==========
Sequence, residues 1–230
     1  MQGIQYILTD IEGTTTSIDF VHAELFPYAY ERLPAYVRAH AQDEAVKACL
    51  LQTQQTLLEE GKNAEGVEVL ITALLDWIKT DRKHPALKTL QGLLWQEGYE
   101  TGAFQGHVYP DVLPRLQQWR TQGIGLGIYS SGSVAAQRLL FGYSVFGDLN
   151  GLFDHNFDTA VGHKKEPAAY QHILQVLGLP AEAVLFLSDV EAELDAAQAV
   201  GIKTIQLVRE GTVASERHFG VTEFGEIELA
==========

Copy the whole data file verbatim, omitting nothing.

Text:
Sequence, residues 1–230
     1  MQGIQYILTD IEGTTTSIDF VHAELFPYAY ERLPAYVRAH AQDEAVKACL
    51  LQTQQTLLEE GKNAEGVEVL ITALLDWIKT DRKHPALKTL QGLLWQEGYE
   101  TGAFQGHVYP DVLPRLQQWR TQGIGLGIYS SGSVAAQRLL FGYSVFGDLN
   151  GLFDHNFDTA VGHKKEPAAY QHILQVLGLP AEAVLFLSDV EAELDAAQAV
   201  GIKTIQLVRE GTVASERHFG VTEFGEIELA